Maine Says No to GMOs, Bill Passes Through Senate

Maine has become the second U.S. state in as many weeks to pass a bill that would require food retailers to identify genetically modified foods with specific labels.

The Democratic-led state Senate approved the bill last Wednesday in a 141 to 4 vote. It now goes onto the House and Senate for approval.

“This is a huge step forward,” Heather Spalding, interim director of the Maine Organic Farmers and Gardeners Associate, told the New York Daily News. “This bill has broad appeal, and is about consumers’ right to know what’s in their food.”

Similar to the bill that also just passed in Connecticut, Maine’s bill would not become “law” until several other states also passed similar bills, including New Hampshire, which shares a border with Maine.

Currently, a number of US states have GMO labeling initiatives up for consideration. California was expected to be the first state to pass a GMO-labeling bill last November, but the measure, Proposition 37 was narrowly defeated. The biotech industry funded the campaigns that referred to GMO labeling bills as “costly food label bills.”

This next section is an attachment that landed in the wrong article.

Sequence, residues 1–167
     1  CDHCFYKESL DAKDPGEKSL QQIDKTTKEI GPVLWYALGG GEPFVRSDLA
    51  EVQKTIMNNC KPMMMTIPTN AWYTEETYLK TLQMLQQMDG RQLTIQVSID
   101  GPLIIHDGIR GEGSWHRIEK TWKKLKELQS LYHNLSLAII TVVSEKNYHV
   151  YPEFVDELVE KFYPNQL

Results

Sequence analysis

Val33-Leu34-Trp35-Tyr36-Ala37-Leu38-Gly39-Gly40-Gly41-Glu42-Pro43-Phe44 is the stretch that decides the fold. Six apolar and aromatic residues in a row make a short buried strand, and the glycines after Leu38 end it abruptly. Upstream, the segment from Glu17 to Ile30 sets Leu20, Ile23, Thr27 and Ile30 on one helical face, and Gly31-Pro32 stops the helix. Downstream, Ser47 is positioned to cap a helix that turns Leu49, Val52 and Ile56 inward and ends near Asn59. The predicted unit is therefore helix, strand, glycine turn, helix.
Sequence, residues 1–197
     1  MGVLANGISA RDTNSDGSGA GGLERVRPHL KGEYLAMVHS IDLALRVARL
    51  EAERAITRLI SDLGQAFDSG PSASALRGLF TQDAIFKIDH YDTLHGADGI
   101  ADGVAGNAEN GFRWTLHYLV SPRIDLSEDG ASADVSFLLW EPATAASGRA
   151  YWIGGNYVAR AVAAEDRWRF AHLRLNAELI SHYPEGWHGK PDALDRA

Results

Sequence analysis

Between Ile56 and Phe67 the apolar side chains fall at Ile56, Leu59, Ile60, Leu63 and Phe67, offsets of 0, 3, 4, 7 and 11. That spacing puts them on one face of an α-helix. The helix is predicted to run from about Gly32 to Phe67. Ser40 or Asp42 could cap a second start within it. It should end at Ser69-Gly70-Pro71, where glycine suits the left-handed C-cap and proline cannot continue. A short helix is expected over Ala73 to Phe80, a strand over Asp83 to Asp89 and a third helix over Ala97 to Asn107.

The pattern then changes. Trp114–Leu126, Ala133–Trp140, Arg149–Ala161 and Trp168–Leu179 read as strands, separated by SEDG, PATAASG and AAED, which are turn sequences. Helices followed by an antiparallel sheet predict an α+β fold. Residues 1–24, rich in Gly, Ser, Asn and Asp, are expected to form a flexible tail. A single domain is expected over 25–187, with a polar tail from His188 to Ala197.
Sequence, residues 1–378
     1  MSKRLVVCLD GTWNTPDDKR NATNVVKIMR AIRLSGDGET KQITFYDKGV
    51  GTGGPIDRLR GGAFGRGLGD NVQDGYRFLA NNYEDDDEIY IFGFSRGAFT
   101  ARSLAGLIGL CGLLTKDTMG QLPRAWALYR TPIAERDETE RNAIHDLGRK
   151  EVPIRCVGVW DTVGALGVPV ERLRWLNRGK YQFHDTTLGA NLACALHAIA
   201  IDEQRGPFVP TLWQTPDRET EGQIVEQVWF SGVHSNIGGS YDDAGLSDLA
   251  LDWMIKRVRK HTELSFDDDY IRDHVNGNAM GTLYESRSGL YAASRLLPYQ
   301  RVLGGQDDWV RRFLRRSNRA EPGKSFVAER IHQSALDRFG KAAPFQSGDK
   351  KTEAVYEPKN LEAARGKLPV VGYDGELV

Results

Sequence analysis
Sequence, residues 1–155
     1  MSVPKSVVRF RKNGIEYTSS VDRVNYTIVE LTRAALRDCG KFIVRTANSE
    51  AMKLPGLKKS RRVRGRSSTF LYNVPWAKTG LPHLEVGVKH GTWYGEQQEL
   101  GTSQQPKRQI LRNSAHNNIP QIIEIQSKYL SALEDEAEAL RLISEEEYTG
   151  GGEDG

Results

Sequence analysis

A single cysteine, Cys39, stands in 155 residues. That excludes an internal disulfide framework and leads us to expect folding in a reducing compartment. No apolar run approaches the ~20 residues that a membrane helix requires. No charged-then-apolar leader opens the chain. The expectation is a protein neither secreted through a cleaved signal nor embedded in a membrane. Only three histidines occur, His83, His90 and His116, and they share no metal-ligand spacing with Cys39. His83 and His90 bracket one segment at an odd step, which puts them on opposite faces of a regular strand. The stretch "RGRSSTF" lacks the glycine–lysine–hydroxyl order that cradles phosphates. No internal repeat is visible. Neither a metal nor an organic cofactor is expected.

Monsanto, the primary target of anti-GMO activists, states on its website “We oppose current initiatives to mandate labeling of ingredients developed from GM seeds in the absence of any demonstrated risks.” The company says, “Such mandatory labeling could imply that food products containing these ingredients are somehow inferior to their conventional or organic counterparts.”

More than 60 countries around the world currently have regulations on genetically modified foods and more than 20 have banned all or some types of GMOs.

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